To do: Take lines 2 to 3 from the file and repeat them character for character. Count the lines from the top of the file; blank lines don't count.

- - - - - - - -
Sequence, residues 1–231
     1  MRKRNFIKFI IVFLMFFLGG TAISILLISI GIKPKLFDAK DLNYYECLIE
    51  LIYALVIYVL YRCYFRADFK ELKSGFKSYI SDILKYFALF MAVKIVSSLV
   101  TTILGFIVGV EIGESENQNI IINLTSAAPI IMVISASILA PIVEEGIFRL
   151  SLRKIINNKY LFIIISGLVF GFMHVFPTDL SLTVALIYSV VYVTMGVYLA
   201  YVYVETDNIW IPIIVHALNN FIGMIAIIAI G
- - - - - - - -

     1  MRKRNFIKFI IVFLMFFLGG TAISILLISI GIKPKLFDAK DLNYYECLIE
    51  LIYALVIYVL YRCYFRADFK ELKSGFKSYI SDILKYFALF MAVKIVSSLV